It was a voice carried by the wind through the semi-deserted streets of a Norwich Sunday afternoon. A voice that sang not into your ear but into your heart. I started walking towards it.
He was standing outside NatWest Bank, on London Street. He looked about fifty but I suspect his weatherbeaten face was adding several years to his true age. The ruddy cheeks of someone used to being outdoors. Not the complexion of a man from the city. I wondered if he was a farmer. Or perhaps a fisherman? His jacket was threadbare in parts, and there were indelible stains on his trousers. Something that looked like an old anorak was spread on the pavement at his feet. A few coins were scattered on it. How else did this man make his living? I wanted to ask him why he was standing on the street corner. What had brought him into Norwich – or what had pushed him out of his home outside the city. Instead, all I could pluck up the courage to do, was walk up to him with a few coins, drop them into the palm of his hand and say, “You sing so beautifully.”
He smiled. “I’m glad you like it.”
I was angry with myself for having only small change in my purse. I stood for a while, listening to that voice. A voice with no training, no polish but which shone as clear and bright as the East Anglian sky. There was no artifice in his performance. He sang from his heart. A song as simple and true as the earth. It was a folk song – but not the kind you hear at folk festivals, with acoustic guitars and mic-ed up voices and deliberately uncombed hair. This was a song of the people who work with their hands and are true to their hearts. I imagined it must be a Norfolk song. It was so simple, so straight, so innocent and yet so full of strength. I felt my heart expand up to my throat.
A few days later, I saw him again. This time, he was standing on the corner of Castle Street. He was wearing a clean blazer. Once again, the anorak on the pavement at his feet, a few coins strewn over it. I opened my purse. With the excitement of a child, I walked up to him with a banknote. He looked at me as though he recognised me.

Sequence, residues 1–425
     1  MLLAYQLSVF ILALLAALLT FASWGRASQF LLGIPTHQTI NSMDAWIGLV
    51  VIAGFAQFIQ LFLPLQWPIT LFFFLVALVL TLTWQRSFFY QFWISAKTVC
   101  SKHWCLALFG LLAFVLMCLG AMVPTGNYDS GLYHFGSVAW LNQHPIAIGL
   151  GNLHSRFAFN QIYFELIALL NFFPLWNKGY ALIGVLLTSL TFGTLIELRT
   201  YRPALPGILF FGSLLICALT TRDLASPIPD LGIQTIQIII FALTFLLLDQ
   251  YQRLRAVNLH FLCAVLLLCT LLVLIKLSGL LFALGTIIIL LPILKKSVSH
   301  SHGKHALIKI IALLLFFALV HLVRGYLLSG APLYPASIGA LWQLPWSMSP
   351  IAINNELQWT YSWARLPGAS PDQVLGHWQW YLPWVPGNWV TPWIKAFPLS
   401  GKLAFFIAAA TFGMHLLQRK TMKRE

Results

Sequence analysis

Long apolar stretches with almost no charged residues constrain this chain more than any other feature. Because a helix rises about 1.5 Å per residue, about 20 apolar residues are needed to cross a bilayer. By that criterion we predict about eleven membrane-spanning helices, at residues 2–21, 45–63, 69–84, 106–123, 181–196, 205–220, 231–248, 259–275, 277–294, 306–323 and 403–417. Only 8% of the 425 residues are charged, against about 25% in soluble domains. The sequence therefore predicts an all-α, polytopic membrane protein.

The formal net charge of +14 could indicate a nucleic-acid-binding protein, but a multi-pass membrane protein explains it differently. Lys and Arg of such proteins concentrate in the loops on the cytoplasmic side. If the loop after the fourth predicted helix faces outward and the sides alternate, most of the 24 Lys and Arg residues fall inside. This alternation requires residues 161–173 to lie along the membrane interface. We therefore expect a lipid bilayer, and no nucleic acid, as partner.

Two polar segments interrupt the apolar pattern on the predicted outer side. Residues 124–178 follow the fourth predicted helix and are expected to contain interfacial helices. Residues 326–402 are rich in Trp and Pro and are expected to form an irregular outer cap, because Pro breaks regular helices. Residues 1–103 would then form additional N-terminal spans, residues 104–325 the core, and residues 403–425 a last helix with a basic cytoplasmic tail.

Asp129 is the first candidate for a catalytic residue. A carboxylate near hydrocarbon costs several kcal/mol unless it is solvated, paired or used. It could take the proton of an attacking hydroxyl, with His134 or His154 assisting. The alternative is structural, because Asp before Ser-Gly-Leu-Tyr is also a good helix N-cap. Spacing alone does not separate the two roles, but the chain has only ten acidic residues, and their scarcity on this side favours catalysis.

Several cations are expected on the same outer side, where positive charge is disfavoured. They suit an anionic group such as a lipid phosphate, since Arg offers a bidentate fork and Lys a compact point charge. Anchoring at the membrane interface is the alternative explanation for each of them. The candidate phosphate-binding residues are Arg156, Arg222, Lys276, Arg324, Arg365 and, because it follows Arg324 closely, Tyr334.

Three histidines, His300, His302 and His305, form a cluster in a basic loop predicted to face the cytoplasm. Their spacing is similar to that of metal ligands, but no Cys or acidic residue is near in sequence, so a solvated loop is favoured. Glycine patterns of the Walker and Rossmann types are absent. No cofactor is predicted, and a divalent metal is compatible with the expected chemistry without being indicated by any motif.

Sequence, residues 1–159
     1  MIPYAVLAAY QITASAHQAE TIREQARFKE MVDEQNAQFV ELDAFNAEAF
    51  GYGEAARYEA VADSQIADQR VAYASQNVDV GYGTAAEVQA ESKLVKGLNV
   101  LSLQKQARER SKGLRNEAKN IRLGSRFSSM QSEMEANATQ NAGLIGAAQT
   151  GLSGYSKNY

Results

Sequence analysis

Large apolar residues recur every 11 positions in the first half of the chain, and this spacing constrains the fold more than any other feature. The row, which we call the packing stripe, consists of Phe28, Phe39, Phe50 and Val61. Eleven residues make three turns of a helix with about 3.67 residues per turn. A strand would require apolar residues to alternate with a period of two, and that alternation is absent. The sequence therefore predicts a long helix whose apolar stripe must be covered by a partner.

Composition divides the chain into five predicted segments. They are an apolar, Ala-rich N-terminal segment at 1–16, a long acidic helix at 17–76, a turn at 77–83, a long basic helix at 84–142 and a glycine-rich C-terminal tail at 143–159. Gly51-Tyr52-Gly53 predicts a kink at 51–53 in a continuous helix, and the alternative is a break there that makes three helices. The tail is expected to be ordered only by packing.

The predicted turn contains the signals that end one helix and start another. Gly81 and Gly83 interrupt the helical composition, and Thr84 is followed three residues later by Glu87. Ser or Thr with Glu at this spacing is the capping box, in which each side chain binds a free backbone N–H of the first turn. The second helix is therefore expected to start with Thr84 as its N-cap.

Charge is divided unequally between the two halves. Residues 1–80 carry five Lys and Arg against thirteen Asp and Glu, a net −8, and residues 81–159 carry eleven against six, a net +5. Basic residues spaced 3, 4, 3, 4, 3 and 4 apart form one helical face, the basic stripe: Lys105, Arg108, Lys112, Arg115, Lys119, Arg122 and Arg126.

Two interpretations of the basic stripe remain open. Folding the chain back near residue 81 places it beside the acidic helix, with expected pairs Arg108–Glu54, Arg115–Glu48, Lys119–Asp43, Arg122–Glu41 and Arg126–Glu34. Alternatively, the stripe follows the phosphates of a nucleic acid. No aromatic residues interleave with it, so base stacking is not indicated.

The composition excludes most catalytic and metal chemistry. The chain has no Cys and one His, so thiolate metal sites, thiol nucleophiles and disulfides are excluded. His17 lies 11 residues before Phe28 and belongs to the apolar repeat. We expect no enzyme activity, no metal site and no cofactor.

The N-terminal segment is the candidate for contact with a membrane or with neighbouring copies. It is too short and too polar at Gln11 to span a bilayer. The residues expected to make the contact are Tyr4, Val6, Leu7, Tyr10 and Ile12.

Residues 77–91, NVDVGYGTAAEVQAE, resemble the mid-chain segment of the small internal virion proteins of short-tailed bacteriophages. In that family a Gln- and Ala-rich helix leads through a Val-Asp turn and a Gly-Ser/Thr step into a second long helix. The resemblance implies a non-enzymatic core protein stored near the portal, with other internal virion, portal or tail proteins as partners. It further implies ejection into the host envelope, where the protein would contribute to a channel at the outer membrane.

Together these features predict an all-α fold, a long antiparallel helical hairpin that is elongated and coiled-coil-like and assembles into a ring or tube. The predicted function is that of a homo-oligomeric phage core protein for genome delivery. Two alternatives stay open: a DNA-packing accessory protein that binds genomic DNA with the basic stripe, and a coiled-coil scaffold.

I stood across the street for a long time, listening to that voice. That simple, straight singing, as honest as the soil, and the wind and the East Anglian sky. My heart expanded once again. This time, it pressed against the back of my eyes, and I slowly walked away, trying to stop tears from dripping out.
I hope I hear that voice again.
I know what you mean when you say it felt like a gift to have run into this man singing, and to have his voice tease you toward his corner. Experiences like that can really change the course of your day, and your thinking. Thanks for sharing. I can’t bear to think of him standing in the cold with his anorak on the ground.
Thank you, Eva. It was still warm when I last saw him but now it’s turned cold and rainy, I wonder if he’ll be out singing.
Beautiful. You always paint a picture with your words.
As do you in your vivid poems. Thank you so much for the wonderful compliment.
Very nice piece, loved the feelings it evoked…hope you hear his voice again. ~nan
Thank you, Nan.
Beautiful experience, heartfelt comment–thank you.
Thank YOU for your comment :–)
Marvellous! As for me, whenever I come across and hear a busker on the street on inside the Metro I only give money if it’s REALLY good or extraordinary performance. And I stop to listen, not passing by just having put a few coins. Some musicians are really great!
Yes, I do the same when I can. Thank you, Anna.
Intriguing! You set the scene for future encounters with the folk singer. I hope to hear more of his story and the songs he sings.
I haven’t seen him for a couple of weeks. I hope I hear him sing again. He’s really talented.
This is so beautiful. I hope you do hear him again. What a rare gift…. 🙂 Many thanks.
Thank you, Barbara. It really did feel like a gift.
I love serendipitous moments like the one you captured here. Maybe this busker will be ‘discovered’ and you’ll come across him next on the radio. 🙂
He certainly deserves to be “discovered” with a voicfe like that. Thank you for commenting.